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Stem cells

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Induced pluripotent stem cells (iPSCs)

Embryonic stem cells and induced pluripotent stem cells (iPSCs) share many advantages. They are both easy to grow in a lab, can divide and produce new copies of themselves indefinitely, and are pluripotent. But iPSCs are believed by many to hold an ethical advantage: their generation doesn’t involve the destruction of an embryo.

iPSCs are ordinary cells from the body – usually easily extracted skin or blood cells – which have been ‘reprogrammed’ to become pluripotent by forcing them to express genes previously ‘switched off’ during differentiation.

iPSCs hold another advantage over embryonic stem cells: they can be produced from a patient’s own skin or blood and used to make specialised cells which genetically match the patient and won’t result in an immune response. This also means that stem cells can be generated from a patient with a specific genetic disease, so the development of the disease can be studied in depth and new drugs tested.

Reprogramming initially involved introducing extra genes into the cell using viruses. Unfortunately, this method increased the risk of the cells becoming cancerous, as the genetic material of the cell was disrupted. More recently, specific proteins have been shown to cause reprogramming when supplied to the cell – as the genetic make-up of the cell is not altered there is a reduced risk of the cells becoming cancerous. New gene editing techniques such as CRISPR-Cas9 also mean it will be easier in future to make very precise changes to damaged DNA in the cells, removing it and/or adding a healthy gene to replace it. These new techniques should reduce future problems with tumour formation as a result of genetic modification.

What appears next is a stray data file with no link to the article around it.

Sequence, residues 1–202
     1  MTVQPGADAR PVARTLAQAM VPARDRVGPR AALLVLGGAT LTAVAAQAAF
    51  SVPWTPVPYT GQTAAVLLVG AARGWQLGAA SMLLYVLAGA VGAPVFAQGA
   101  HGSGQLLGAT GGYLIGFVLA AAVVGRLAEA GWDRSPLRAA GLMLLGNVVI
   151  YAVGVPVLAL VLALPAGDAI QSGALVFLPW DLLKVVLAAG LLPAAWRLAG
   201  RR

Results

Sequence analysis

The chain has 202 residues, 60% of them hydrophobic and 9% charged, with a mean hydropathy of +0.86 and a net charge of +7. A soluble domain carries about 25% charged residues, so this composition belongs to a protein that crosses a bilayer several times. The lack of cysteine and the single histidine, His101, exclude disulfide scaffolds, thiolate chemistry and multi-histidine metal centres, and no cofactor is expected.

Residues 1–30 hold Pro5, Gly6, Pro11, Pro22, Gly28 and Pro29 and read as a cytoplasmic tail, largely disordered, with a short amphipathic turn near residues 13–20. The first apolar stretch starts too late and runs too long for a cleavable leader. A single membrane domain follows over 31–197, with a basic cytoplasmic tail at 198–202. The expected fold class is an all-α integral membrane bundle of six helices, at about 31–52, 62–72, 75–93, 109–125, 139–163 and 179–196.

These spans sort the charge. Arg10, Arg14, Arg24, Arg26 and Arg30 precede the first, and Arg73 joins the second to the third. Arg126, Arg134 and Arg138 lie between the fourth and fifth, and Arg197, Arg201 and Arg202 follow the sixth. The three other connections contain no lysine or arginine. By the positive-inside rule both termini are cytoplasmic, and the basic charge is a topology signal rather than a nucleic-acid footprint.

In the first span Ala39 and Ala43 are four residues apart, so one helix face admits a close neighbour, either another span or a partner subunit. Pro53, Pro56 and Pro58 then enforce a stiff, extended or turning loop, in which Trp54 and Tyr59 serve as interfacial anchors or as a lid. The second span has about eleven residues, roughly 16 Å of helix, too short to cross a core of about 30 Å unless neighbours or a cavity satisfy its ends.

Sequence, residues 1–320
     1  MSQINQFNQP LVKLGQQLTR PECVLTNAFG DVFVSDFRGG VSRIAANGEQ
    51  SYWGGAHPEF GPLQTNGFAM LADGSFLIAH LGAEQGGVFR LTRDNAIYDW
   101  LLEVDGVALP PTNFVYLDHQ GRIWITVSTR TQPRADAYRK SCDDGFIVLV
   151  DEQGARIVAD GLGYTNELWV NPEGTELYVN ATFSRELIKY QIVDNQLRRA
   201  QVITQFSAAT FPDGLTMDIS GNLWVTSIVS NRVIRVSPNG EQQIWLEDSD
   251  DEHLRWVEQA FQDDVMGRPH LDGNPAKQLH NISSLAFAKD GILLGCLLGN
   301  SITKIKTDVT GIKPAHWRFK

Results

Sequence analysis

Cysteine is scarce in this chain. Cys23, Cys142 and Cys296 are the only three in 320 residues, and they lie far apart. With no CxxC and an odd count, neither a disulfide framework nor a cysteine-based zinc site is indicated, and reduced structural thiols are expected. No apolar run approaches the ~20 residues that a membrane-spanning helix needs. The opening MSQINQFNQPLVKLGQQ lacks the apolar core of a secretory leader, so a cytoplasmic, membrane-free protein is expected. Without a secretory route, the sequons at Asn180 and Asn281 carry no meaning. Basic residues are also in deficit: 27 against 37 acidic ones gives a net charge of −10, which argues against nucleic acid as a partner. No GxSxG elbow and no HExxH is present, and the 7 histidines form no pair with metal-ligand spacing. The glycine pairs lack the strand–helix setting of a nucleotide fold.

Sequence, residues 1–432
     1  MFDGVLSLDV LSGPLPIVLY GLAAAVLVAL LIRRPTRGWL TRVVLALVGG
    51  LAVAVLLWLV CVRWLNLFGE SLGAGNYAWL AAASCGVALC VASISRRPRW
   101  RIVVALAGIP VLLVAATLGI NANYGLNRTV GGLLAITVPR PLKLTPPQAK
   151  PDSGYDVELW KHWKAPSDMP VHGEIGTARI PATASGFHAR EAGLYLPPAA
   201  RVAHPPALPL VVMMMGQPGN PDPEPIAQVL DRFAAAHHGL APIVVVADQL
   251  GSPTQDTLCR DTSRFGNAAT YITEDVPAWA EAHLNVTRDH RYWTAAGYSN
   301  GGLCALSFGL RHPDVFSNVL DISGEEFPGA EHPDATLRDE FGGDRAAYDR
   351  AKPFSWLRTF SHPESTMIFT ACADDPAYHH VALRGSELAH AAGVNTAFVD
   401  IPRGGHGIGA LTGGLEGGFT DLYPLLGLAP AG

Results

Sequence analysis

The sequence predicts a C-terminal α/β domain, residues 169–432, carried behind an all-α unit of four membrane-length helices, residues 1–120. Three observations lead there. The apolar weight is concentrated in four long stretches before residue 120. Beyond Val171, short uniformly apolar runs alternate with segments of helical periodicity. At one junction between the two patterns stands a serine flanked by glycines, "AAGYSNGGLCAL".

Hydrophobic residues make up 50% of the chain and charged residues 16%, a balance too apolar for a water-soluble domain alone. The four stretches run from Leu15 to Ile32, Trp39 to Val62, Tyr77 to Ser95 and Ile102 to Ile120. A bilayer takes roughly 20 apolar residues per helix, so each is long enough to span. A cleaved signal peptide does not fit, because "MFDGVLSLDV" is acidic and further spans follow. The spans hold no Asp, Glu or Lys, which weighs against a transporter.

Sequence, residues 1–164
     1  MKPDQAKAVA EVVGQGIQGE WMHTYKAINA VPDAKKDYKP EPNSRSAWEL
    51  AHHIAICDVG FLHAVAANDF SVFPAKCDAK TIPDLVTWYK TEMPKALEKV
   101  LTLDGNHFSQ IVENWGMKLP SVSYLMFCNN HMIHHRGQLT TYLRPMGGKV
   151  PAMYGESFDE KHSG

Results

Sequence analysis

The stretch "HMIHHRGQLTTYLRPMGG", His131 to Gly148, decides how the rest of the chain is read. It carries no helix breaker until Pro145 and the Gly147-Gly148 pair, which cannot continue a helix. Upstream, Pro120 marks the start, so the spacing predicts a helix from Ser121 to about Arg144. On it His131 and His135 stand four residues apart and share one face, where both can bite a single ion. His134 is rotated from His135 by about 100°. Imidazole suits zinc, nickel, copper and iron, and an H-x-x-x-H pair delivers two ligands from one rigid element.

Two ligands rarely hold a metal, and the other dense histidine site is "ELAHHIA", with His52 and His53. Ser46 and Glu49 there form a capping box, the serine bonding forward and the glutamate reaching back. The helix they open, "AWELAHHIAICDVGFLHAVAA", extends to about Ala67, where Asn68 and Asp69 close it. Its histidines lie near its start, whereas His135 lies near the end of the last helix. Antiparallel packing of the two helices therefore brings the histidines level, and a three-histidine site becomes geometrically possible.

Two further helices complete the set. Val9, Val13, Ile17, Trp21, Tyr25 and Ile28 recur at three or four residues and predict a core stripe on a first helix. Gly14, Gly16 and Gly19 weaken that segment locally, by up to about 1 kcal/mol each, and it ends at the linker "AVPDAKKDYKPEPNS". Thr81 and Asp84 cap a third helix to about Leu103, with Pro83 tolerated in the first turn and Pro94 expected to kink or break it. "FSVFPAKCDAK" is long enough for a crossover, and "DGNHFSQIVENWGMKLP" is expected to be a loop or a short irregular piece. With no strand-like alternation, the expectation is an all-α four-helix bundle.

As an alternative to direct genetic modification of the cells, scientists have also developed ways to introduce specialised mRNA into the cells to be reprogrammed. This resulted in the formation of reprogramming proteins, which in turn meant the cells were returned to a pluripotent state.

Stem Cells9 (1)

As the development of an iPSC culture involves either changing the genetic material of a cell or the genetic material it uses, it raises some of the same ethical issues as genetic engineering. Even though the creation of iPSCs does not involve the destruction of an embryo, some people believe their use is as morally dubious as embryonic stem cells because an iPSC could potentially become a human being and so should be afforded full human rights.

The full potential of iPSCs is not yet fully understood, and the techniques used to produce them have not yet been perfected.

Researchers need to make sure they have a complete understanding of the reprogramming process, how iPSCs and ESCs compare, and how the differentiation of iPSCs can be controlled when they are planning to use them in a clinical setting. Until these issues are resolved, iPSCs can’t be used as a direct replacement for ESCs, although their potential use is possibly more wide-ranging. However, they have been used in some clinical trials. The first time was in Japan, where iPSCs were used by scientists working on restoring the retinal cells in patients affected with wet age-related macular degeneration. The trial started with autologous cells, originating from the patient. It was halted for safety reasons and then restarted using allogenic iPSCs from a cell line developed at Kyoto University. There is still a long way to go with these potential treatments, but they could certainly change the face of medicine for ever.